SABATTUS — Controversial Republican candidate Leslie Gibson, who drew fire for insulting several teen survivors of the Florida school shooting, is abandoning his effort to win a state House seat this year.

“I am not walking away with my head hung low. I am walking away with my head held high,” Gibson said Friday.

Gibson said he made the decision after talking with his family, praying and discussing it with friends and colleagues, including Thomas Martin Jr., another Republican contender who entered the 57th District race Thursday.

“It’s the best thing for everybody,” Gibson said.

Gibson has been under fire this week for comments he made online about the teens in Florida who survived a school shooting in Parkland, Florida. He criticized two of them who were leading an effort to increase restrictions on gun sales in the wake of the Feb. 14 killings, calling one a “skinhead lesbian,” and another a “bald-faced liar.”

The 18-year-old student whom Gibson singled out, Emma Gonzalez, is among the students speaking out from Marjory Stoneman Douglas High School. In the wake of the Feb. 14 massacre there that left 17 of her classmates dead, she emerged as a leader in students’ fight to make assault rifles harder to come by.

“There is nothing about this skinhead lesbian that impresses me and there is nothing that she has to say unless you’re a frothing at the mouth moonbat,” Gibson wrote.

Gibson said in another tweet that calling her a survivor, as many have done, is disingenuous because she “was in a completely different part of the school” when students were gunned down.

Gibson apologized in a later tweet, saying, “I would like to extend to you my most sincere apology for how I addressed you. It was wrong and unacceptable. You are doing work that is important to you. I would like to extend my hand in friendship and understanding to you.”

Gibson said that during his career in the military, he took an oath “to uphold and defend the Constitution of the United States.”

“Because of this,” he said, “I am very passionate about protecting our constitutional rights from those who seek their elimination. It was not appropriate to single out the Parkland students, but I stand firm in my defense of our constitutional rights.”

David Hogg, the other teen Gibson insulted, tweeted on Wednesday, urging someone to run against Gibson.

“Who wants to run against this hate-loving politician?” asked Hogg, a senior at Marjory Stoneman Douglas High School. “I don’t care what party. JUST DO IT.”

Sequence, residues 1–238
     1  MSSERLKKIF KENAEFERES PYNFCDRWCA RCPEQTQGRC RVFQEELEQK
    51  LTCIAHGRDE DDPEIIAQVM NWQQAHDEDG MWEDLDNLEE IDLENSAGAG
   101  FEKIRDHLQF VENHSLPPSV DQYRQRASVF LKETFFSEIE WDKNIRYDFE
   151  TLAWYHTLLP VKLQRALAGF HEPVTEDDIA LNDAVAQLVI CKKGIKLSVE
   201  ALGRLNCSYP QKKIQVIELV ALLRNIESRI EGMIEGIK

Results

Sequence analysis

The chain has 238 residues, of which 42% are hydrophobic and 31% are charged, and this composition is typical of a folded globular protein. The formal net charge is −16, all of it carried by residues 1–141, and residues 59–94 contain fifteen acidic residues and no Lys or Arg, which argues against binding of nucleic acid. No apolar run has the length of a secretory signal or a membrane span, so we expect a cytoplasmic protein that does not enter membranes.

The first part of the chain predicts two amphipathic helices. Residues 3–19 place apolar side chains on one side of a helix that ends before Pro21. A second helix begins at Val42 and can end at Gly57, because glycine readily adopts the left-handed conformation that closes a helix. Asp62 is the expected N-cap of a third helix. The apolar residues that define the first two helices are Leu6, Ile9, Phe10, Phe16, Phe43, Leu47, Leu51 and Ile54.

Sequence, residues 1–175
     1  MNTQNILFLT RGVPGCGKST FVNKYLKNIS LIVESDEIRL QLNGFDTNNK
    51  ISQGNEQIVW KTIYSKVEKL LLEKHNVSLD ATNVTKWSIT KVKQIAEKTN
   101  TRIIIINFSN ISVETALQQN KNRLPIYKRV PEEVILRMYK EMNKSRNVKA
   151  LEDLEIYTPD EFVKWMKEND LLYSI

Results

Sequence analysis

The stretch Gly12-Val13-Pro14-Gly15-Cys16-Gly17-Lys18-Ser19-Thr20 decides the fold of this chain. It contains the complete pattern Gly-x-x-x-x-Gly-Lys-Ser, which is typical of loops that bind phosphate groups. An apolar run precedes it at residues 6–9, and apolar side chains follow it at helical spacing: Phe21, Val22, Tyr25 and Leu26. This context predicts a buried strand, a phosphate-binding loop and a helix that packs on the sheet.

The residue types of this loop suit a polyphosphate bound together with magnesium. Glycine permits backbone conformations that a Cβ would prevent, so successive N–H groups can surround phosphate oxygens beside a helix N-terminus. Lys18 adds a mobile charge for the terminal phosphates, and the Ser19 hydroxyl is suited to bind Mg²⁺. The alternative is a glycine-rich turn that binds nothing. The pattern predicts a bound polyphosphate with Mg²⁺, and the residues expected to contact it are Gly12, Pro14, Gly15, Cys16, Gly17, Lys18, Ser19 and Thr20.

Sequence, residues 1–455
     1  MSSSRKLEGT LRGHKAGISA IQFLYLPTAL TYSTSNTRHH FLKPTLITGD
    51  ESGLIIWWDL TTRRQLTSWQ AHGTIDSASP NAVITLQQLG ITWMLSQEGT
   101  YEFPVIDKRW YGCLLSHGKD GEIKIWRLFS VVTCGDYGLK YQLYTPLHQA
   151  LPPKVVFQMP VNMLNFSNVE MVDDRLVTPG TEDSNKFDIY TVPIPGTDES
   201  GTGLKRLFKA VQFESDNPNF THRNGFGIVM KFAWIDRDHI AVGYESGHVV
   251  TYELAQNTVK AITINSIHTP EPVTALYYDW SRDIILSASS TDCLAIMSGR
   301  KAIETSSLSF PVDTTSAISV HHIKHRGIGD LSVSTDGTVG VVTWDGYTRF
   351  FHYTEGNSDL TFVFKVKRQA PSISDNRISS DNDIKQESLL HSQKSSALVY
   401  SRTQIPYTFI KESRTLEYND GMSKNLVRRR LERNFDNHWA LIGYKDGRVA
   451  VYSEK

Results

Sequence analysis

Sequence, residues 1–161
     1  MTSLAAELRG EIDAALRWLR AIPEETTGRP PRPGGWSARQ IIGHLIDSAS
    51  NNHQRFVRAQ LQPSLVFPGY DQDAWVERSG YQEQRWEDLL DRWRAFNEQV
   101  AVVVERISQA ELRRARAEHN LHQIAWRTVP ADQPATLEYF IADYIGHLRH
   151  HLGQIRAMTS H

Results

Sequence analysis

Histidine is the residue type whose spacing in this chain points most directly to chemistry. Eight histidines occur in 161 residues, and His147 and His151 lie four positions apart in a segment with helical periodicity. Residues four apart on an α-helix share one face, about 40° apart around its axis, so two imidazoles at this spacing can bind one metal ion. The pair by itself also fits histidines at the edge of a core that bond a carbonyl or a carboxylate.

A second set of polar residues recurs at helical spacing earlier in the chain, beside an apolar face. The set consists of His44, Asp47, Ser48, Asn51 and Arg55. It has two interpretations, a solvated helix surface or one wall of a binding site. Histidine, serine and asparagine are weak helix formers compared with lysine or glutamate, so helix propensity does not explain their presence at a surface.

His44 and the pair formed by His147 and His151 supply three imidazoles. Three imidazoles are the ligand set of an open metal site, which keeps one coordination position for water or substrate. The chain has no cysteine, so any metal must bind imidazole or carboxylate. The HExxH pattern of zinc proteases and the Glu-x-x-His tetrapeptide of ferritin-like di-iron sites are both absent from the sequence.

Hogg has been an outspoken advocate for taking on the National Rifle Association.

The incident that apparently set off Gibson was an appearance by Hogg on CNN in which the Parkland student lashed out at NRA spokeswoman Dana Loesch. He accused her of working with gun manufacturers to control Congress.

“She owns these congressmen. She can get them to do things,” Hogg told the network. “She doesn’t care about these children’s lives,” he said.

Gibson, who retired from the U.S. Navy, for years has used social media to comment on immigration, defend conservative politicians and promote Republican policies. He has a history of retweeting stridently anti-immigrant comments, often from accounts in Maine.

Last month, he explained on Facebook after “the tragedy that occurred in Florida” that there has been “a lot of misinformation, and flat out lies” circulated by “the liberal media and leftist anti-Second Amendment groups.”

As a lifetime member of the NRA, he said, he stands with the group’s efforts “to protect and preserve our Second Amendment rights,” which he said are “under attack.”

“The NRA and its members are being blamed for the Florida tragedy,” Gibson wrote. “Such blame is patently misdirected. The blame rests solely with the person who committed these murders.”

He made his social media accounts private after the uproar over his insults aimed at the teens.

Gibson had been cruising toward an unopposed election in the district, which includes Sabattus and Greene. But his comments stirred both Martin and Democrat Eryn Gilchrist to join the contest.

Gilchrist filed the required paperwork on Thursday to run for the 57th District seat.

She said she never anticipated running for office but felt so “horrified and embarrassed” at the thought of Gibson representing her that she decided to jump in.

“I would really have been happy to partake in representative democracy by voting,” Gilchrist said.

Gilchrist, 28, a Connecticut native who works for a medical device company based in Bowdoin, is a 2013 graduate of Bates College.

Martin said on Thursday he felt compelled to run after he read Gibson’s strident comments about the two Florida students.

Martin, a former state senator from Benton, said it is important to have a candidate who represents real Republican values.

“After those recent unfortunate comments, I couldn’t sit back,” Martin said.

Martin, a 52-year-old contractor, said that people have to realize “that our words and actions have consequences.”

Gibson said he hopes his departure from the race will bring things back to normal.

He said he’s going to try to “get some peace and quiet in our lives” after the turmoil of recent days.

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